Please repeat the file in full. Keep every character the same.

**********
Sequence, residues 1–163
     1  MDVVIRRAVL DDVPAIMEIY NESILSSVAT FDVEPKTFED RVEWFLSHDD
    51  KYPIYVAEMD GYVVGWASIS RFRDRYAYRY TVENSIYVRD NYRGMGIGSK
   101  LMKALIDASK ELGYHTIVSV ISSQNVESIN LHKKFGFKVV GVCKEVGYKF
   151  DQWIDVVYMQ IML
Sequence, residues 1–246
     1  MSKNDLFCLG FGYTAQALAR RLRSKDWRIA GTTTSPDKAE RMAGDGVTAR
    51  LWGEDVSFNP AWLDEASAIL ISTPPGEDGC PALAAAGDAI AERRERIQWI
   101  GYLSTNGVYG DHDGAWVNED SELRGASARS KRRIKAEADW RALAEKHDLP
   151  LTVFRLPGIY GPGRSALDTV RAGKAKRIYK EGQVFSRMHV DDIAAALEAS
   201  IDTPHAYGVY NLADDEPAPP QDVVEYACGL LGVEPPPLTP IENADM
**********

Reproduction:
Sequence, residues 1–163
     1  MDVVIRRAVL DDVPAIMEIY NESILSSVAT FDVEPKTFED RVEWFLSHDD
    51  KYPIYVAEMD GYVVGWASIS RFRDRYAYRY TVENSIYVRD NYRGMGIGSK
   101  LMKALIDASK ELGYHTIVSV ISSQNVESIN LHKKFGFKVV GVCKEVGYKF
   151  DQWIDVVYMQ IML
Sequence, residues 1–246
     1  MSKNDLFCLG FGYTAQALAR RLRSKDWRIA GTTTSPDKAE RMAGDGVTAR
    51  LWGEDVSFNP AWLDEASAIL ISTPPGEDGC PALAAAGDAI AERRERIQWI
   101  GYLSTNGVYG DHDGAWVNED SELRGASARS KRRIKAEADW RALAEKHDLP
   151  LTVFRLPGIY GPGRSALDTV RAGKAKRIYK EGQVFSRMHV DDIAAALEAS
   201  IDTPHAYGVY NLADDEPAPP QDVVEYACGL LGVEPPPLTP IENADM